Apple Watch's heart rate apps stay throned as judge dismisses AliveCor lawsuit

AliveCor says it is deeply disappointed and strongly disagrees with court's decision to dismiss anti-competition case
An undated image of Apple Watch Ultra. — Freepik
An undated image of Apple Watch Ultra. — Freepik

A US judge has dismissed a lawsuit lodged by AliveCor,  a Silicon Valley startup, against Apple, accusing the tech giant of illicitly retaining its monopoly in the US market for heart rate monitoring apps for its Apple Watch.

The ruling has come in favour of the iPhone maker after it filed a case, challenging the legal action taken by AliveCor regarding the hear beat monitoring features installed in the world's best-selling smartwatch.

The US District Judge Jeffrey White in Oakland, California, stated the verdict against AliveCor, which itself had an app for heart beat detection. The company accused Apple of breaking the federal Sherman antitrust law and a California unfair competition law.

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However, the factors at play behind the federal judge's ruling have not been revealed so far due to confidentiality concerns, according to Reuters.

"AliveCor is deeply disappointed and strongly disagrees with the court's decision to dismiss our anti-competition case and we plan to appeal," the company said in a statement.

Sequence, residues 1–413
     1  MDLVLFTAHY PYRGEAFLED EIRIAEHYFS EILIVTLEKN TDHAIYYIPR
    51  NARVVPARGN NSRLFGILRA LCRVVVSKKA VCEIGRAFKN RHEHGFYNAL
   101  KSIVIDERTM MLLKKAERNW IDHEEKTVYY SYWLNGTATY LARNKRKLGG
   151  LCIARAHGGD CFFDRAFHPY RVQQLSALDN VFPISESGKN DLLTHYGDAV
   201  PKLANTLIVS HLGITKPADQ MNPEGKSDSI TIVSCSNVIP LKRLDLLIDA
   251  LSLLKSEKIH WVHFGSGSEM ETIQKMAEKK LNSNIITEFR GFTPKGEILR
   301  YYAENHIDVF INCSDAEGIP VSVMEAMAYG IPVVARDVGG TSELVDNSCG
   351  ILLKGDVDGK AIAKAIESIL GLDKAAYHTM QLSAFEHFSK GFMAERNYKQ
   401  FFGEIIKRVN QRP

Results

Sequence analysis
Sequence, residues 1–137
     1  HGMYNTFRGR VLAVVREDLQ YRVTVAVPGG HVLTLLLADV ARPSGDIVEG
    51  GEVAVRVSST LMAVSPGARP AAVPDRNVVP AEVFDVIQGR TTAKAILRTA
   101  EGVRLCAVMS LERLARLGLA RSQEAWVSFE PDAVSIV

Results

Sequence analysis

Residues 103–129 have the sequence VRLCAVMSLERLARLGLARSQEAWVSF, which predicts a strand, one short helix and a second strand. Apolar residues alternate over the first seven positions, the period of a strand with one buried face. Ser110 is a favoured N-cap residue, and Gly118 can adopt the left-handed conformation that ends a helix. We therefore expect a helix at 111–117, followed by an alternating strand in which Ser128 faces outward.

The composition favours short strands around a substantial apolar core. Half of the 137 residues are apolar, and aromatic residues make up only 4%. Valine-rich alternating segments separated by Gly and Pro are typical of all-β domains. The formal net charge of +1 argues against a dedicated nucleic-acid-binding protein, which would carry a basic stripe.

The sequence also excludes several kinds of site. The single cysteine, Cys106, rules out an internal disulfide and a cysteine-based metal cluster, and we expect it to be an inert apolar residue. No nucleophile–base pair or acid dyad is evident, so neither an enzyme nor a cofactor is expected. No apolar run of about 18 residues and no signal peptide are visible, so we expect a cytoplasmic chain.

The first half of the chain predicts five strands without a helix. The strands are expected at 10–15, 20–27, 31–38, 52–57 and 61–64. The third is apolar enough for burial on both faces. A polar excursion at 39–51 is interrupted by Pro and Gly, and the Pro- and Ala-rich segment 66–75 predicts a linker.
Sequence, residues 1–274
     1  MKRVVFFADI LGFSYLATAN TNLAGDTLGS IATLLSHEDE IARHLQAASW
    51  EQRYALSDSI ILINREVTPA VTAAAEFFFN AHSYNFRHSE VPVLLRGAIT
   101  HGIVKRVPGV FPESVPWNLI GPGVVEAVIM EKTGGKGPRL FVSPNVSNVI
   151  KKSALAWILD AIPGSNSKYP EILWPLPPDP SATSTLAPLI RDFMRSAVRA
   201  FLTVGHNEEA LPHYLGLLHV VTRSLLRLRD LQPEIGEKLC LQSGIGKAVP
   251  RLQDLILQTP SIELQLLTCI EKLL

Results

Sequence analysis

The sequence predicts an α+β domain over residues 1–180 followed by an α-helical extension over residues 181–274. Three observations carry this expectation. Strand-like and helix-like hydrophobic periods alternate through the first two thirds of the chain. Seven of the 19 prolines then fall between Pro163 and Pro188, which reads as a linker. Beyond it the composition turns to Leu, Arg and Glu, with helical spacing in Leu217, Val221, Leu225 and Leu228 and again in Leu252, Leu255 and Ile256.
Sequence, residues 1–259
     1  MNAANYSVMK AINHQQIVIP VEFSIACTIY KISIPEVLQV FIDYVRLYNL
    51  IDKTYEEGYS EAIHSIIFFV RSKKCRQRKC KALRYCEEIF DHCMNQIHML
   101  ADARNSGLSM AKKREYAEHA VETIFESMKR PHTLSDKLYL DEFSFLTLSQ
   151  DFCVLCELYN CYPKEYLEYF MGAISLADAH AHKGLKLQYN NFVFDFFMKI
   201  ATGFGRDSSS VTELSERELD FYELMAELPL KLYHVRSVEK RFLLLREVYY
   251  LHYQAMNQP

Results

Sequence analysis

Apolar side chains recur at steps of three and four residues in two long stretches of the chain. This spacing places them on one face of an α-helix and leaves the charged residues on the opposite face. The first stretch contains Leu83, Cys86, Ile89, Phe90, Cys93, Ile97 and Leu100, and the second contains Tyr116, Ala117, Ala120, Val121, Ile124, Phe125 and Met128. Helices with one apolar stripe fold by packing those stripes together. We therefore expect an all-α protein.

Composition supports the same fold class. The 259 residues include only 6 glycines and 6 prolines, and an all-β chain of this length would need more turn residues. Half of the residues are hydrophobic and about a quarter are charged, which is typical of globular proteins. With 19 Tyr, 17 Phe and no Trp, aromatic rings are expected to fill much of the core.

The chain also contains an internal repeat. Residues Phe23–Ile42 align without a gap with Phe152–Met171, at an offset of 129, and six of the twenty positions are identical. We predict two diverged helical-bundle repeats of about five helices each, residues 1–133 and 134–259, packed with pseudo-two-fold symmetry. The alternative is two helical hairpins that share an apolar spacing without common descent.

The allegation also claimed that Apple had modified the heart rate algorithm in its watches to hinder third-party detection of irregular heartbeats and the development of competing apps.

Apple stated that the lawsuit questioned its ability to enhance the Apple Watch, which consumers and developers depend on. "Today's outcome confirms that is not anticompetitive," Apple stated.

In a revised complaint, AliveCor alleged that Apple had indicated it would work together on heart monitoring technology for the Apple Watch, only to then imitate its ideas and initiate a "concentrated campaign to corner the market for heartrate analysis."

AliveCor has created the KardiaBand, a wristband designed for the Apple Watch that can record an electrocardiogram (ECG). The company, located in Mountain View, California, has also produced the Kardia app for interpreting ECG readings on Apple Watches, as well as a SmartRhythm app for analysing heart rate with the help of artificial intelligence. 

The Cupertino-based tech giant has refuted any allegations of misconduct and stated that its design choices should not be dictated by competitors.